If COP26 in Glasgow will not be remembered for having reached an ambitious agreement (like Paris or Kyoto), it will be remembered for being predominantly the COP of finance. Corporations and banks and the coalitions that convene them were more present and visible than at any previous COP. And while the main objective of the negotiations was to complete the rulebook of the Paris Agreement, ensure international alignment around the 2050 goals and consolidate concrete progress on the UNFCCC’s 1.5˚C target, there were several interesting and important outcomes for sustainable finance.
First, many nations and even individual companies have pledged to achieve net zero emissions by 2050, although few have yet presented plans for how they will do so. Lenders and financiers will be able to be part of this process by assessing plans for net zero emissions, as well as by developing innovative instruments to finance part of this transition.
During COP26, the International Financial Reporting Standards Foundation (IFRS) announced the creation of the International Sustainability Standards Board, unifying the previous work of the Climate Disclosure Standards Board (CDSB) and the Value Reporting Foundation (VFR). This does not mean that the dilemma of existing standards in play will disappear completely, but it does mean that the environmental, social and governance (ESG) data and reporting landscape will begin to converge.
Indeed, companies, investors and lenders are increasingly concerned about the environmental, social and governance (ESG) impact of their business decisions. This focus has shed light on the importance of investment decisions that mitigate exposure to climate risk, comply with current and future regulations and limit any potential reputational damage.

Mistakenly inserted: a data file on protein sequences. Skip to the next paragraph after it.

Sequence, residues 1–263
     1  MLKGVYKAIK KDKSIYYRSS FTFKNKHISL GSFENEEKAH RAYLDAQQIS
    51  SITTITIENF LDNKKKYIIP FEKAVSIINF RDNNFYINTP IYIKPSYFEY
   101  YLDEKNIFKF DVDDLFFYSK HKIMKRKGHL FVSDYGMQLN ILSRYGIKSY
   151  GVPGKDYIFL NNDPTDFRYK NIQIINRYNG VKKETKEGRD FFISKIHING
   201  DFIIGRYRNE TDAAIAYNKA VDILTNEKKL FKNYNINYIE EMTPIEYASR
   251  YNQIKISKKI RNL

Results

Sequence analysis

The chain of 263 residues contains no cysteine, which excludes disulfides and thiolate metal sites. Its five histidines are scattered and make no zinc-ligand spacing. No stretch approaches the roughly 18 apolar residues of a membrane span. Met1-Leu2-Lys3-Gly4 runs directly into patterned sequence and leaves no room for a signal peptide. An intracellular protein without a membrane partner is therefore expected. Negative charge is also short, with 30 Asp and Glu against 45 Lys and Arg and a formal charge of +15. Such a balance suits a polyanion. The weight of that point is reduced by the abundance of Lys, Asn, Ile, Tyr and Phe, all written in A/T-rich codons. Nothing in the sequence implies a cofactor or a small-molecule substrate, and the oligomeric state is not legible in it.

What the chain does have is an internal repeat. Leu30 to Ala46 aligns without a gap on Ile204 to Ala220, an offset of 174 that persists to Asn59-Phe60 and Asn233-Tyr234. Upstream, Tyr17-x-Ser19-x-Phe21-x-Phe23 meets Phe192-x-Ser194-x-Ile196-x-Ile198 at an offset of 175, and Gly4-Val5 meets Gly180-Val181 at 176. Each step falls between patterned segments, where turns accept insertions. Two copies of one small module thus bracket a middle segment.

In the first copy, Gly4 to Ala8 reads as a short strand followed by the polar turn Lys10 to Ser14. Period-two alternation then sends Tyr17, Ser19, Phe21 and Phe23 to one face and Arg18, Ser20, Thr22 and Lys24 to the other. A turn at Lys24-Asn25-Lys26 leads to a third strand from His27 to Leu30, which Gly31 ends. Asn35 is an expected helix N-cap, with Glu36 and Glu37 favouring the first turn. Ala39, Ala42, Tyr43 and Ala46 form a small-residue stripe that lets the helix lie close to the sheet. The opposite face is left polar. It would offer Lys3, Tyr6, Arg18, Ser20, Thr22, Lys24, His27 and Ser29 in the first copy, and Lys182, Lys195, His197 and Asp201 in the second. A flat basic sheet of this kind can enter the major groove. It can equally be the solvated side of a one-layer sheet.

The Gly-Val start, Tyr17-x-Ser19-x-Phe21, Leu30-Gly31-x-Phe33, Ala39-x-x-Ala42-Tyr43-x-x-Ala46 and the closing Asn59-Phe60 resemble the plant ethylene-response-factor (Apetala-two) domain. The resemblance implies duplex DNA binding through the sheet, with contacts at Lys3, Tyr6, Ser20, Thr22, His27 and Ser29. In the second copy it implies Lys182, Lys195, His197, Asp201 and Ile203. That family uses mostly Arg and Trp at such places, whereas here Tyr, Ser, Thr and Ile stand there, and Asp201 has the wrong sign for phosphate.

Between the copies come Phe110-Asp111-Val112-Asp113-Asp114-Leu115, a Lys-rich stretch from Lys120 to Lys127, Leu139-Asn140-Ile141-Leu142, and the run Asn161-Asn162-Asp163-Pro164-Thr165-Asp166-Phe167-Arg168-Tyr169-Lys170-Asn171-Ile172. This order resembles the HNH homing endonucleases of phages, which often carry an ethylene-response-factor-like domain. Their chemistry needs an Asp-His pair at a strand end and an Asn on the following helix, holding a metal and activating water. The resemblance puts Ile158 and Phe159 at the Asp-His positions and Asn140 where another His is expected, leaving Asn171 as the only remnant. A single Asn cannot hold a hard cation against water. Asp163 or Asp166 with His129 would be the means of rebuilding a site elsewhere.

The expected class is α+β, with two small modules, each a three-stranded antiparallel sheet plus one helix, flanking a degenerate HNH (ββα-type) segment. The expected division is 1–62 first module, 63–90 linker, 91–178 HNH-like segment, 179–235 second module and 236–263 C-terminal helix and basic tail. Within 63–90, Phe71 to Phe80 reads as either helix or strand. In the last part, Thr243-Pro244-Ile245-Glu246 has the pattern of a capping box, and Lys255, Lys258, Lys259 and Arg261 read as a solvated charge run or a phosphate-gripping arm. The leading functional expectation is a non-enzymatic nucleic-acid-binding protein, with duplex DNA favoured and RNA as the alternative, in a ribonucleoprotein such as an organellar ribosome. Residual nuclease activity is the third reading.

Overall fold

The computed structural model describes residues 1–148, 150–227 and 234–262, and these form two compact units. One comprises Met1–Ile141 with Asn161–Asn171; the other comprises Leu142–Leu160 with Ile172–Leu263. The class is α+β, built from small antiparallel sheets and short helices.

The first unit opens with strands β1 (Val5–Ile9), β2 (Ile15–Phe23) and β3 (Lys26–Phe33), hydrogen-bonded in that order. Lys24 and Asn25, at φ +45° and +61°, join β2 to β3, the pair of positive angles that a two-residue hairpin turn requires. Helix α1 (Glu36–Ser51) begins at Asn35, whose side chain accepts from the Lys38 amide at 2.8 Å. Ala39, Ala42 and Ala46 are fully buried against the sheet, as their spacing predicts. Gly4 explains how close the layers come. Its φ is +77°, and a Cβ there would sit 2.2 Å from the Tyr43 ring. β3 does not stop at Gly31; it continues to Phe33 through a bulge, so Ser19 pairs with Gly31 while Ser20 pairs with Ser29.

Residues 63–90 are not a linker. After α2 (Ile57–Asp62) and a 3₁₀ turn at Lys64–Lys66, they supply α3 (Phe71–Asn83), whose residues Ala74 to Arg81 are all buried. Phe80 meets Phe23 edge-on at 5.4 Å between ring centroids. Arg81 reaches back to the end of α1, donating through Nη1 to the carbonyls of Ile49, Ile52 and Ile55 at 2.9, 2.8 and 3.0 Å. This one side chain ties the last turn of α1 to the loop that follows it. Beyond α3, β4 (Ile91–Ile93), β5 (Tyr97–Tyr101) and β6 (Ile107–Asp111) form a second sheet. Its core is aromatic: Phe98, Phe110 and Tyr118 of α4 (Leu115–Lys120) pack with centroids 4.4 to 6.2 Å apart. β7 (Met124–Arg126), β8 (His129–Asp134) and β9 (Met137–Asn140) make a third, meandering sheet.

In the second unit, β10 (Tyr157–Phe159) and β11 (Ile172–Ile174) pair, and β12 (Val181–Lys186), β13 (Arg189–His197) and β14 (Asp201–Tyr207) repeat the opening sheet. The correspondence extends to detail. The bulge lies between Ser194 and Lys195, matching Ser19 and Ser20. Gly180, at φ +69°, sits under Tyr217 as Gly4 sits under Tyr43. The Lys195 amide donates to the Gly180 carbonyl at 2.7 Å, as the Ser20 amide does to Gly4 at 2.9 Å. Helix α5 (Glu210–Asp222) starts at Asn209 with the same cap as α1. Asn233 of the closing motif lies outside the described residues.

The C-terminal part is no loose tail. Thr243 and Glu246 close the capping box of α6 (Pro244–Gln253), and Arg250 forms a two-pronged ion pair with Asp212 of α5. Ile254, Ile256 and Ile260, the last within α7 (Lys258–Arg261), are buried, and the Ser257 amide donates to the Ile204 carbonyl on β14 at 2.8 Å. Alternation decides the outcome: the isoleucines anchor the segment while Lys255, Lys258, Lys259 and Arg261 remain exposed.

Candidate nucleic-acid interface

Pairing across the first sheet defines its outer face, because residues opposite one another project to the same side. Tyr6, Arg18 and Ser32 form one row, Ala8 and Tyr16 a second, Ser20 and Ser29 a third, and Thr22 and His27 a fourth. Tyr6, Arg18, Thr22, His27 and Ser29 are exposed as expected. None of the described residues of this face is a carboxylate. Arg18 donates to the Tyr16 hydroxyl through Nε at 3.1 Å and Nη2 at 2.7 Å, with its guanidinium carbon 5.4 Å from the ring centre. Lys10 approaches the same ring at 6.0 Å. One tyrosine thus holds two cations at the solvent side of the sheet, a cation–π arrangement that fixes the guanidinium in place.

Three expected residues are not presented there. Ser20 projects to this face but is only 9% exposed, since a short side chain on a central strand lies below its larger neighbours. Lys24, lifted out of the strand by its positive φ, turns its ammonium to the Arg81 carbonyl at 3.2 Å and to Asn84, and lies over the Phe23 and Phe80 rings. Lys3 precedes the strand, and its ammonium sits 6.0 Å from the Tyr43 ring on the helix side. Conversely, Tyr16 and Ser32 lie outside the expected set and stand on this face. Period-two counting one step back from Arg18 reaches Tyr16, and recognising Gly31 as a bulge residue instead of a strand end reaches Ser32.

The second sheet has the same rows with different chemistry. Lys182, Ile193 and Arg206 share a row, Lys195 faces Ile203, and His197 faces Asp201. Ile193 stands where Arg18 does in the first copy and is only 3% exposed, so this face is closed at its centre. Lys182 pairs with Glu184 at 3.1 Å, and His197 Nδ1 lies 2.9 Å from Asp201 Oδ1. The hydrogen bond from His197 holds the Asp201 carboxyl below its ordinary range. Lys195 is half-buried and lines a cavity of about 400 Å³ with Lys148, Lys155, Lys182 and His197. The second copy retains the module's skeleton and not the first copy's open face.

Finance managers will need to collaborate through more rigorous analysis against better, more coordinated and holistic categories of data. And asset managers may need to dig deeper to uncover new sources of ESG-aligned investments.
As part of their sustainability objectives, industry leaders are increasingly developing green and sustainable strategies, incorporating them into their business strategies and aligning their financing mechanisms with their sustainable development commitments.
Investment in local capabilities and ESG data platforms will therefore become an increasingly important differentiator.
On the other hand, the world has focused on mobilising the $100 billion pledged by developed countries. According to CPI‘s latest analysis, total climate finance has reached some $632 billion, although flows have slowed somewhat in recent years. However, trillions of dollars need to be mobilised to address climate change. To do so, it cannot rely entirely on incremental progress, but requires a more radical change in processes. In addition, the necessary shift means focusing also on quality, in addition to quantity, which was given much attention in various COP26 dialogues.
Therefore, the emergence of instruments to scale up investments in the transition will accelerate after COP26. Increased attention at the policy, supranational, corporate and financial institution levels will further mobilise the market. Markets are expected to continue to grow, both in Latin America and globally. Innovative financial instruments, such as those already in place, will continue to expand in Latin America as developing countries seek to raise capital to accelerate their climate transitions and strengthen the conditions for long-term sustainability.
This development in international negotiation offers enormous opportunities for lenders, borrowers and investors. Lenders should use the momentum of the sustainable finance market to promote greater quantity and quality of sustainable instruments for their clients. Borrowers will need to engage meaningfully with their statements and objectives while seizing the opportunity to secure new sources of finance.
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